Keyboard Shortcuts?

×
  • Next step
  • Previous step
  • Skip this slide
  • Previous slide
  • mShow slide thumbnails
  • nShow notes
  • hShow handout latex source
  • NShow talk notes latex source

Click here and press the right key for the next slide (or swipe left)

also ...

Press the left key to go backwards (or swipe right)

Press n to toggle whether notes are shown (or add '?notes' to the url before the #)

Press m or double tap to slide thumbnails (menu)

Press ? at any time to show the keyboard shortcuts

 

Cognitive Miracles

Greene (my reconstruction)

Drop is an unfamiliar* situation.

Spontaneous judgements are dominated by fast processes.

Fast processes are not reliable in unfamiliar* situations.

Therefore:

Spontaneous judgements concerning Drop are unreliable.

We will consider this claim

unfamiliar problems (or situations): ‘ones with which we have inadequate evolutionary, cultural, or personal experience’

Question for discussion: is the principle true or false?

‘it would be a cognitive miracle if we had reliably good moral instincts about unfamiliar* moral problems’

‘The No Cognitive Miracles Principle:

When we are dealing with unfamiliar* moral problems, we ought to rely less on [...] automatic emotional responses and more on [...] conscious, controlled reasoning, lest we bank on cognitive miracles.’

Greene, 2014 p. 715

ethical vs physical Compare processes underlying representational momentum Driven by principles So correct in at least two kinds of unfamiliar* cases

Compare the physical case.

Fast processes are characterised by principles of Impetus mechanics

which yield correct predictions in some unfamiliar* cases, including

point-light displays, and

(principles still work, despite unfamiliarity*)

cartoons

(stimuli are reverse-engineered to make the processes work)
Are these really unfamiliar?

unfamiliar problems (or situations): ‘ones with which we have inadequate evolutionary, cultural, or personal experience’

Inadequate for what? If we mean, ‘inadequate’ for learning about situations of that type, then the argument works formally, but it becomes a nontrivial issue whether the situation of Drop really is unfamiliar.
Dilemma: if we think of unfamiliarity as ‘unfamiliar in some respect’ then practically every situation and problem will be unfamiliar. But if we think of unfamiliarity as

Objection

Either Drop is unfamiliar but unfamiliarity does not imply unreliability of fast processes,

or else unfamiliarity does imply unreliability of fast processes but we lack grounds for determining whether Drop is familiar.

And finding those grounds will, essentially, collapse Greene’s argument into Singer’s.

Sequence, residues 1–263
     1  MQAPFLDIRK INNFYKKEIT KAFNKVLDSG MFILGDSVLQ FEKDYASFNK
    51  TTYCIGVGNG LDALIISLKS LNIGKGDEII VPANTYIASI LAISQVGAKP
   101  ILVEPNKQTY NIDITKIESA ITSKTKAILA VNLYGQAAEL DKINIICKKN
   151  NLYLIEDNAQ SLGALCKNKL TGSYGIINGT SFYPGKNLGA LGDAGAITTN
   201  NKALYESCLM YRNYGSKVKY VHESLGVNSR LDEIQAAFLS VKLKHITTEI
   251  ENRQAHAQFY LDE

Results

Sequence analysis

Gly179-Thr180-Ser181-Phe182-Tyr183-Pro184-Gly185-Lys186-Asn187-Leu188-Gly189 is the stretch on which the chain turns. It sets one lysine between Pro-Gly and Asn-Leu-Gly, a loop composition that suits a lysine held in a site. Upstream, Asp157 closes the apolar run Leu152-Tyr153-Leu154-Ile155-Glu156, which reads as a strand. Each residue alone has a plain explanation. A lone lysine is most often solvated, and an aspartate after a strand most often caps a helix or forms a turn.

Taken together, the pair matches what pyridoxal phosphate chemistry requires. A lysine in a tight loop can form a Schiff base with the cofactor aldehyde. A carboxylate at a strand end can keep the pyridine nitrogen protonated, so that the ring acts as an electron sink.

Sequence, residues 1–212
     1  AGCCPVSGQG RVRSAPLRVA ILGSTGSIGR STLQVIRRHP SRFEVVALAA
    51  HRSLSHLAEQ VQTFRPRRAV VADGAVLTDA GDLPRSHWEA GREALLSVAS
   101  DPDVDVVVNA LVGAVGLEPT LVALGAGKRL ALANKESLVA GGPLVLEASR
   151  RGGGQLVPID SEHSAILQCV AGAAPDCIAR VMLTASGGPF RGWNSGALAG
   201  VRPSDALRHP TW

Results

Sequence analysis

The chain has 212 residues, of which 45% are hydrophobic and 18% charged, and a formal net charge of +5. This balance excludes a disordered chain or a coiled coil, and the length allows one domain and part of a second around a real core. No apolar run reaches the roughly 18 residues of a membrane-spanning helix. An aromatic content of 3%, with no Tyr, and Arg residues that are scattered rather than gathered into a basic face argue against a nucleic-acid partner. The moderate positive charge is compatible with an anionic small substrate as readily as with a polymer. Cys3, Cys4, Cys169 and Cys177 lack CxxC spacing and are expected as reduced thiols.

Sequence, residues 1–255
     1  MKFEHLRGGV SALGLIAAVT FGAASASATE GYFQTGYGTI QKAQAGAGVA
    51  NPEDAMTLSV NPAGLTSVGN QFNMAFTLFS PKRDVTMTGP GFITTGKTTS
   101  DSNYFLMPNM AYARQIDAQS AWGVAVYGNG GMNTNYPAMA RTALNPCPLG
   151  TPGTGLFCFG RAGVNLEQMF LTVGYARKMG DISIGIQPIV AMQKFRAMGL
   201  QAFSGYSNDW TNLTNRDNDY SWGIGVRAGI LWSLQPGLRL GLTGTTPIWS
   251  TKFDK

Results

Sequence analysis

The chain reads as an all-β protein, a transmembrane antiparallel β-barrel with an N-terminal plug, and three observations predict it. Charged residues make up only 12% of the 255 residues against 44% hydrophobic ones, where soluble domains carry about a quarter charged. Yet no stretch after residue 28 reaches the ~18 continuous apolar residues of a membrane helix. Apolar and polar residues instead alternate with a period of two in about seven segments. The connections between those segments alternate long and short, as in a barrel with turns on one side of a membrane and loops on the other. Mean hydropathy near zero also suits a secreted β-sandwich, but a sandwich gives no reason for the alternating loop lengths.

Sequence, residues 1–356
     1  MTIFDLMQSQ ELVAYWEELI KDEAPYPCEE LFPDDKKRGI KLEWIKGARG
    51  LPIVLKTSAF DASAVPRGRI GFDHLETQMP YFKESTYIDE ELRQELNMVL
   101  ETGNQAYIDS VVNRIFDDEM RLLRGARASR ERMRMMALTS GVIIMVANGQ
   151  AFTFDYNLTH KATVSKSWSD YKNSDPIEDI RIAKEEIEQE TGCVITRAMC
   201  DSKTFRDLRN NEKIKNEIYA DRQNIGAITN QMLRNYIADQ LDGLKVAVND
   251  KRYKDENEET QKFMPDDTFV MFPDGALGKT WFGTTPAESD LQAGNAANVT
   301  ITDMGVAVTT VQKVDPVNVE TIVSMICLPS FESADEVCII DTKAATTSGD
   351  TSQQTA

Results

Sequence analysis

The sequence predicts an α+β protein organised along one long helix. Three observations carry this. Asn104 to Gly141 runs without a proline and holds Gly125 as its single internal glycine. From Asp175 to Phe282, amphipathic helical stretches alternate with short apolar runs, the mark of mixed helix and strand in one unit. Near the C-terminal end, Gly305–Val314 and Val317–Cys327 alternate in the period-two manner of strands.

Greene (my reconstruction)

Drop is an unfamiliar* situation.

Spontaneous judgements are dominated by fast processes.

Fast processes are not reliable in unfamiliar* situations.

Therefore:

Spontaneous judgements concerning Drop are unreliable.

Having considered this claim, I’m unsure we should accept it although open to the idea that a reformulated version of it could be acceptable.

reject the No Cognitive Miracles Principle outright?

Method of Signature Limits

1. Process generates prediction which is wrong ...

2. ... and which follows from principles that describe how the process works (its computational description).

This suggests thinking in terms of up-close and personal, which brings us to Singer’s argument.
Question for discussion now: can we save the principle?

‘it would be a cognitive miracle if we had reliably good moral instincts about unfamiliar* moral problems’

‘The No Cognitive Miracles Principle:

When we are dealing with unfamiliar* moral problems, we ought to rely less on [...] automatic emotional responses and more on [...] conscious, controlled reasoning, lest we bank on cognitive miracles.’

Greene, 2014 p. 715

Objection

Either Drop is unfamiliar but unfamiliarity does not imply unreliability of fast processes,

or else unfamiliarity does imply unreliability of fast processes but we lack grounds for determining whether Drop is familiar.

And finding those grounds will, essentially, collapse Greene’s argument into Singer’s.

Greene (my reconstruction)

Drop is an unfamiliar* situation.

Spontaneous judgements are dominated by fast processes.

Fast processes are not reliable in unfamiliar* situations.

Therefore:

Spontaneous judgements concerning Drop are unreliable.

Having considered this claim, I’m unsure we should accept it although open to the idea that a reformulated version of it could be acceptable.